December 8, 2020 -- Researchers at Brown University who examined “the microclimate” inside a car say opening the vehicle’s windows reduces occupants’ risk of coronavirus transmission.
Researchers used computer models to study airflow inside a car, loosely based on a Toyota Prius, traveling 50 mph with two people inside -- the driver and a person sitting in the back seat on the right side, Brown said in a news release.
The study examined airflow because aerosols are thought to be one of the main ways the virus is transmitted. That seating configuration maximizes the space between the two people.
“Driving around with the windows up and the air conditioning or heat on is definitely the worst scenario, according to our computer simulations,” said Asimanshu Das, a graduate student in Brown’s School of Engineering and co-lead author of the research.
“The best scenario we found was having all four windows open, but even having one or two open was far better than having them all closed.”
Air pressure is usually higher near rear windows than front windows, researchers said. In a moving car, air tends to enter through a back window and exit through a front window.
Driving with all four windows opened had low transmission risk, although the driver’s risk was slightly higher, the study found.
The most surprising finding was that it’s best for the driver to open the front seat window on the right side and for the passenger to open the back-seat window on the left side, rather than the windows right beside them, said the study published in the journal Science Advances.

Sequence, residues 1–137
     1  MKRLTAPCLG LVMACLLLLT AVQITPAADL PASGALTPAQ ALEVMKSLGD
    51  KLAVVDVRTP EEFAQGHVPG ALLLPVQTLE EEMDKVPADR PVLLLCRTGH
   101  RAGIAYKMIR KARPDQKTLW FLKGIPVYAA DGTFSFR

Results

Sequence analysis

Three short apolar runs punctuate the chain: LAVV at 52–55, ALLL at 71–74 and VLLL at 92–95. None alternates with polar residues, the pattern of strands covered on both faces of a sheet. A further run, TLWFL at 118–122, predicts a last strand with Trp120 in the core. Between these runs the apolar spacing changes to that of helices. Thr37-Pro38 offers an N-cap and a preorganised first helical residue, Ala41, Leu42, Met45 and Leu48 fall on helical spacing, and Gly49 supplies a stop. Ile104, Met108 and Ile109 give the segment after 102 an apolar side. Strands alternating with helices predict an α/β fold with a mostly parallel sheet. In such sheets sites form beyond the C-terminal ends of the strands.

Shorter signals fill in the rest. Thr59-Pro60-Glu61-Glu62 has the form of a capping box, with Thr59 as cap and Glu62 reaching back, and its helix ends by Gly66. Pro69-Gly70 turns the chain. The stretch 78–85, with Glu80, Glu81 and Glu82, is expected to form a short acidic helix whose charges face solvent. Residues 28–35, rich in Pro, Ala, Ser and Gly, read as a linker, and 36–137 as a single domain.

“When the windows opposite the occupants are open, you get a flow that enters the car behind the driver, sweeps across the cabin behind the passenger and then goes out the passenger-side front window,” Kenny Breuer, a professor of engineering at Brown and a senior author of the research, said in the news release. “That pattern helps to reduce cross-contamination between the driver and passenger.”
Breur said this is the first study he knows of that looks at “the microclimate inside a car.”
“There had been some studies that looked at how much external pollution gets into a car, or how long cigarette smoke lingers in a car. But this is the first time anyone has looked at airflow patterns in detail,” he said.
“The findings reported here can be translated to right-hand-drive vehicles, of relevance to countries like the UK and India,” the study said. “In those situations, similar, but mirrored flow patterns can be expected. Furthermore, although the computations were performed for a particular vehicle design (loosely modeled on a Toyota Prius), we expect the overall conclusions to be valid for most four-windowed passenger vehicles.
“However, trucks, minivans and cars with an open moon-roof could exhibit different airflow patterns and hence different scalar transport trends.”